On the other hand … I do know of a product called “good times”. And it works like this:
Get the youngster out there, without the pressure to perform and let him enjoy the time he has as a youngster. Laugh with him, ice cream all around for everyone, dad’s a super guy!!

Competitive instruction at eight is an adults way of preening and clipping a bush even before the roots have taken hold, in my opinion. Again, I’m not a youth coach, so my views are a bit slanted. So, as far as a pitching coach is concerned, I only suggested that so as to give you an alternate approach if you were all that serious about directing your son in the demands of pitching. A professional YOUTH pitching coach knows things that’ll avoid harmful elections in movement and performance on the field, that would go unnoticed by others less skilled in the profession.

The only aspect that he has to nail down is the fun side of this equation that you’re trying to calculate. When your boy is having a whopping good time, believe me, everything will fall into place at its proper time and place. In that regard, he’ll be more receptive to coaching - if that’s his thing, and he’ll have a learning curve that’ll have baselines that he can associate and draw some conclusions from.

I am not a youth coach, never have been, nor do I pretend to have the professional skills to qualify in that regard. But, I do know that every human being has “days” when he or she has peaks and valleys of strength and endurance, a focus that’s with-it that day, better some days then others, and so on.

Pitch counts are vital, in my opinion, to every pitcher at every level. I’m not going to elaborate on that from the competitive side, but rather from the physical side. Take a gander at a web site that shows the detail makeup of the human arm. Notice how frail it is. Also, consider the other parts of the human body with muscles that are much larger and specifically designed to carry loads of stress. Legs, pelvic, abdominal, back muscles and so on. Concentrate on solid eating habits, reasonable “fun” exercises for a youngster that age and you’ll do wonders for your son and his growth and development. As he grows and gets stronger, so will his acceptance of formal training methods.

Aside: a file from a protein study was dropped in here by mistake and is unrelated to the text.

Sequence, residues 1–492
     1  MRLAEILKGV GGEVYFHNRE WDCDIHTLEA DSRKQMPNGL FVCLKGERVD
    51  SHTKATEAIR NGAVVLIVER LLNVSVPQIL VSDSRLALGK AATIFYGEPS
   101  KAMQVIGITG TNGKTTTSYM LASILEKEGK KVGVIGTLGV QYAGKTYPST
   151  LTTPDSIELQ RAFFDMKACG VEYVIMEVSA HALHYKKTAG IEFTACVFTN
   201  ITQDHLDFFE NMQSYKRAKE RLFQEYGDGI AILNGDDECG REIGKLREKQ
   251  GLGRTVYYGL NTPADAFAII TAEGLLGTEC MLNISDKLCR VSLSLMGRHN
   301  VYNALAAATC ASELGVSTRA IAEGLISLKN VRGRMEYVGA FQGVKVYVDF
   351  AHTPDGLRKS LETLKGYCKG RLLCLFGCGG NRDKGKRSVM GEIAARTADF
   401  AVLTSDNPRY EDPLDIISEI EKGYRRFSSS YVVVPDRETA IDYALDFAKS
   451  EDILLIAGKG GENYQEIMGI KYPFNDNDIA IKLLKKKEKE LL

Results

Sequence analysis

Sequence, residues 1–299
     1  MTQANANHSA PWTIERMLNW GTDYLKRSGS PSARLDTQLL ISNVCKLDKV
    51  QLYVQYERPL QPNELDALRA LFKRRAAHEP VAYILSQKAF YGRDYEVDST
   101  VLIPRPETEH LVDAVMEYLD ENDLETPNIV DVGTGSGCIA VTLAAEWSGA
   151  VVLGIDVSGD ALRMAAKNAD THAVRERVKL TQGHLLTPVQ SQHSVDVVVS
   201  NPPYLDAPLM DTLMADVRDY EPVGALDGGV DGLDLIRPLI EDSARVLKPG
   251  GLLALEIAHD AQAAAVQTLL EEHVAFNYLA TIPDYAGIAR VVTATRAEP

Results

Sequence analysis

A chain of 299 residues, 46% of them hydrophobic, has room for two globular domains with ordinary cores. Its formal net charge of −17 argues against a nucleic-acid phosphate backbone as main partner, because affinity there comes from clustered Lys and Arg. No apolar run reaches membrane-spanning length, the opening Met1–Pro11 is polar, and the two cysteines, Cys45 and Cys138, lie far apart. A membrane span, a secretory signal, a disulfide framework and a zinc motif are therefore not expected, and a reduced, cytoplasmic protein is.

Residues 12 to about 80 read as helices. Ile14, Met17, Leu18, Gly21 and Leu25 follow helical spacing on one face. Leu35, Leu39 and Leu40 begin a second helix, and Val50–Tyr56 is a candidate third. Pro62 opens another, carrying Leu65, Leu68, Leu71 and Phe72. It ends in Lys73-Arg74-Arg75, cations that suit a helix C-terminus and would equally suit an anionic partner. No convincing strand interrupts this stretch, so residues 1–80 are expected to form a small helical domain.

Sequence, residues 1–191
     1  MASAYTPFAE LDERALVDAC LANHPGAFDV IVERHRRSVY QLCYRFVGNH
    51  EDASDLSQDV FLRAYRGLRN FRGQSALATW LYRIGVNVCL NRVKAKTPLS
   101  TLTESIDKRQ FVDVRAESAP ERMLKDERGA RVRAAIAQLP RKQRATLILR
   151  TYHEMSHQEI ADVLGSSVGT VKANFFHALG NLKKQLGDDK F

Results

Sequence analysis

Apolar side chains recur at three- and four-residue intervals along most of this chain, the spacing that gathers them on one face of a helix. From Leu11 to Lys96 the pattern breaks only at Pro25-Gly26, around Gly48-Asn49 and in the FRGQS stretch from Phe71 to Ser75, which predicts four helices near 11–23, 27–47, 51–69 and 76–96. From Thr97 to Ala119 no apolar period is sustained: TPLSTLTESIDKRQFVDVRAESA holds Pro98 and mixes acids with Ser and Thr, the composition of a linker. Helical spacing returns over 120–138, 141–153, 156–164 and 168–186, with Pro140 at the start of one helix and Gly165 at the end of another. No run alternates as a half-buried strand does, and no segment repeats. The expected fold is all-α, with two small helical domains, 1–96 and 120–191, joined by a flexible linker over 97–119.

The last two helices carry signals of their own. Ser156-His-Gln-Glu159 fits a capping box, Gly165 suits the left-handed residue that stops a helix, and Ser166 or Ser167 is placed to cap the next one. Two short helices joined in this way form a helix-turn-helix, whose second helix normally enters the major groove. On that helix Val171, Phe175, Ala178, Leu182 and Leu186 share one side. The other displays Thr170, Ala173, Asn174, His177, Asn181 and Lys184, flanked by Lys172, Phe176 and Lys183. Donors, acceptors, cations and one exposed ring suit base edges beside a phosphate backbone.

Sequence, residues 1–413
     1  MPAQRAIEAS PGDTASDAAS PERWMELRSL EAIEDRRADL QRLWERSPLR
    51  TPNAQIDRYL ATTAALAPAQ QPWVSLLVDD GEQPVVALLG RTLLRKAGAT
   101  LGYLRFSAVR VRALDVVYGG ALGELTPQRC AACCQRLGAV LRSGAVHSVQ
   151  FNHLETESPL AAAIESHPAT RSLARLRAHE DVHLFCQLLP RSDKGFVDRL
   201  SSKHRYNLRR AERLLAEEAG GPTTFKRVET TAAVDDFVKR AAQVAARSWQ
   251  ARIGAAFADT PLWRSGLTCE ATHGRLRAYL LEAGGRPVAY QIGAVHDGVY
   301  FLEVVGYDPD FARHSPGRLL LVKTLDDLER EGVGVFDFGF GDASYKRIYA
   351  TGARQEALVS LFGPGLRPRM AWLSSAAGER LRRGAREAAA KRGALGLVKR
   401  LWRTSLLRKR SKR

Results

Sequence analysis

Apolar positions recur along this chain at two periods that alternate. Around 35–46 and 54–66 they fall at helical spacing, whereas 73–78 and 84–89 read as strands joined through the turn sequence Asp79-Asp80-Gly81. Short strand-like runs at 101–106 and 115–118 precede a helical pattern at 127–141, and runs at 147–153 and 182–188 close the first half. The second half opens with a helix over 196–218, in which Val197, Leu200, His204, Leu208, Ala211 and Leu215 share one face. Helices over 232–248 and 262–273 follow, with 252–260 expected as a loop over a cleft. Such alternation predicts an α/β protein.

With respect to addressing your question directly - at eight years old I would suggest the following when he is rested, well nourished, without injury: 50 pitches max, tempered up or down based on the youngster’s frailty and tolerance for physical activity. I would also suggest
four days of non-pitching activity, again, tempered up or down based on the youngster’s frailty and tolerance for physical activity.

Let’s go back to my using the word "pitching". If you and your son are tossing the ball then I wouldn’t be so detailed with a number count. Tossing the ball around and asking your son to hit the glove can be just as functional and deliberate. The key to developing a good arm is using it. Toss out in the backyard often, after dinner, anytime. Nice and easy does it will work well at that age.

.

Congratulations dad! You are your son’s biggest advocate. Keep that kind of concern going and your son will have a baseball experience that he’ll thank you for later on.

Are you referring to Strikeout Strippz? This is a product with a video that compliments the device and its use. I am not familiar with it nor do I know a coach(s) or player in the upper ranks of this sport that has used it. Perhaps someone else on this web site or others can help you in your fact-finding.

Any products or videos you can suggest?